Nigel Lythgoe: 'American Idol' 'Uplifted the Music Industry,' But Mariah & Nicki Were a Mistake
"Mariah and Nicki was just crazy, and then it really started becoming about the judges and took away from the contestants altogether," the former producer tells Billboard.
When did former American Idol producer Nigel Lythgoe learn of the Fox show's fate -- that season 15 would be its last? Minutes before taking the stage at The Meredith Viera Show, when a message came from his son -- and, soon after, a Fox publicist -- delivering the news.
Speaking to Billboard a couple of hours later, Lythgoe -- who executive produced the show from seasons one through seven, then sat out seasons eight and nine, and returned for seasons 10, 11 and 12 -- says he agrees with the decision to pull the plug.
"It's the right thing to do," said Lythgoe, adding that it's about preserving the show's legacy. "I'm a huge fan of boxing, and it's like when you're watching a real heavyweight boxer getting to the end of their career, and all these young whippersnappers are coming up: You've got to know when to retire."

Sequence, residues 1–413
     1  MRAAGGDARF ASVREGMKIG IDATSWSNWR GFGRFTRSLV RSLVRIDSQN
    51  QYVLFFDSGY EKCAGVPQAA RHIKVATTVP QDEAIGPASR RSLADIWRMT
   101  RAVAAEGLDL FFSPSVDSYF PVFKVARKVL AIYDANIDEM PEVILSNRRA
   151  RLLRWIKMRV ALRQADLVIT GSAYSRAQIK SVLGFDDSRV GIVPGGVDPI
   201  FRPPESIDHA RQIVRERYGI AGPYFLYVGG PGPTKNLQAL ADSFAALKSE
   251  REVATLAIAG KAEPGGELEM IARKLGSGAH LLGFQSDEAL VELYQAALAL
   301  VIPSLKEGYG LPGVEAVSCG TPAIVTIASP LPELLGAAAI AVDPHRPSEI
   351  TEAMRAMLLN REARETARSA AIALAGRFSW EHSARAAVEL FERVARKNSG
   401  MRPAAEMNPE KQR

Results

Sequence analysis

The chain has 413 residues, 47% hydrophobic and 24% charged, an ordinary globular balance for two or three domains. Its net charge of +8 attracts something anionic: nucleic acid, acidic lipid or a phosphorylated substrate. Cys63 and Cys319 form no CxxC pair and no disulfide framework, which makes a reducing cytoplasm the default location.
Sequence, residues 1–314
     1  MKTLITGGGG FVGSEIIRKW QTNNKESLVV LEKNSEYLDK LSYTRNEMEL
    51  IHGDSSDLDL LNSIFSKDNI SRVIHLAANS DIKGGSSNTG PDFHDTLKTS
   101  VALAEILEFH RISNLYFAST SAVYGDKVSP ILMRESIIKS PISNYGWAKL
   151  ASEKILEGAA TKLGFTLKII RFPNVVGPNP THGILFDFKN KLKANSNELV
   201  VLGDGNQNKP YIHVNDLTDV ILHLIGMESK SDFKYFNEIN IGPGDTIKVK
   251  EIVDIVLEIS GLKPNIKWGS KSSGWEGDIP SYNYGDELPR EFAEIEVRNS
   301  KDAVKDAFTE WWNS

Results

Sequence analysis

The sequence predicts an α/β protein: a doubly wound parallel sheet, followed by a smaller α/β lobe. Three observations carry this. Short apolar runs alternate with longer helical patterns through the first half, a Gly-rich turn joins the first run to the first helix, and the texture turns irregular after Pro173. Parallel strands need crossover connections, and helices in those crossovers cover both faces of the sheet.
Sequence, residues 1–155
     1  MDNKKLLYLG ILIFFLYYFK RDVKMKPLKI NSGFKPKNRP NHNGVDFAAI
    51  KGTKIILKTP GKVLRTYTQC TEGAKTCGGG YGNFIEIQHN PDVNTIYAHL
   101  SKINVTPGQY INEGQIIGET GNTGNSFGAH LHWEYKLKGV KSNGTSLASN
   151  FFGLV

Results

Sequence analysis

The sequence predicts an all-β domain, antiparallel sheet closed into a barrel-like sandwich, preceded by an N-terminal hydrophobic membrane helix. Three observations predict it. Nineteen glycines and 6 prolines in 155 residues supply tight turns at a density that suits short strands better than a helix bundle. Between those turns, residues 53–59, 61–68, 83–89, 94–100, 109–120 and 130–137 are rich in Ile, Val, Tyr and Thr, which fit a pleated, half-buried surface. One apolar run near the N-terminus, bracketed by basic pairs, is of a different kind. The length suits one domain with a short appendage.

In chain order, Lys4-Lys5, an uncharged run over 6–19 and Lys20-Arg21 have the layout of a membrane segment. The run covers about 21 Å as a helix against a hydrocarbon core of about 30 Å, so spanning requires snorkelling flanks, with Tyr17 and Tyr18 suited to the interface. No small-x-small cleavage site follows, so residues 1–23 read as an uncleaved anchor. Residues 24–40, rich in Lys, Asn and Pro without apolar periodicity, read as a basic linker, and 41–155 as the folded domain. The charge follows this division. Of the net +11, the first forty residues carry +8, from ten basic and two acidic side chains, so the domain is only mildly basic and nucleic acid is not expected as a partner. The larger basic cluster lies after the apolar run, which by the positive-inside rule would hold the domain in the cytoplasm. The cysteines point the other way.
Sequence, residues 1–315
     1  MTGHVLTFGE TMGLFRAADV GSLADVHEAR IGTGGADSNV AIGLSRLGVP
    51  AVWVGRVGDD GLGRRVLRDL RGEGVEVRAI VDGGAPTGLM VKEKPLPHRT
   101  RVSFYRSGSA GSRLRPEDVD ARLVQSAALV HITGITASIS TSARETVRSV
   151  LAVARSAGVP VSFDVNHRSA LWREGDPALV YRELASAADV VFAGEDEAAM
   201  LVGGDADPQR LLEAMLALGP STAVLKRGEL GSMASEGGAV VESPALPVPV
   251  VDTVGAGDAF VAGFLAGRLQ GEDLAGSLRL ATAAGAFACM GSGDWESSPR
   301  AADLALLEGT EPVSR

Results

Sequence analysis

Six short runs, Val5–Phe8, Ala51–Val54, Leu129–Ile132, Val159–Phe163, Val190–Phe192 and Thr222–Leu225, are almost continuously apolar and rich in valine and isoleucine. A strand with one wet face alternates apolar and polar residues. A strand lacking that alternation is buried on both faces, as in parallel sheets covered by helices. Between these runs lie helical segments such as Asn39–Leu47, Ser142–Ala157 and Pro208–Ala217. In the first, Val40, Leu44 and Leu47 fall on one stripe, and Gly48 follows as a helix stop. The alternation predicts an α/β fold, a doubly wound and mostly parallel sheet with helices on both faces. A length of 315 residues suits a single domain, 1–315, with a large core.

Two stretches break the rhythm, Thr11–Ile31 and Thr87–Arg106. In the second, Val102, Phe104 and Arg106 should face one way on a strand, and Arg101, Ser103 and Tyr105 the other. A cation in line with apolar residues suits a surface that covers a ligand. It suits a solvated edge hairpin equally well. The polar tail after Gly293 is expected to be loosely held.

That's not to diminish from the show's impact -- not just on television, where "there's never been anything like it beforehand," boasts Lythgoe, but also for the music industry. "It brought people's attention to buying records," he said. "Judging by the amount of sales, whether it's downloading or actually purchasing a [physical product], Idol uplifted the music industry without question."
As for the judges' public profiles, Lythgoe believes the show was key for the likes of Jennifer Lopez and Steven Tyler, but he admits that hiring Nicki Minaj and Mariah Carey to share the table was a mistake.
"Mariah and Nicki was just crazy, and then it really started becoming about the judges and took away from the contestants altogether," Lythgoe told Billboard. "I think that was a major failing on the part of casting to have those two together. On their own, either one may have been successful."
Looking back on his time with the show, Lythgoe offers that there are no losers -- pointing to Jennifer Hudson, who "came in sixth and I consider her a winner."
Indeed, it's all in what you make of the opportunity. "I don't believe that being rejected from Idol is the finale to your life or that you give up," he says. "You come back and you fight harder and you win."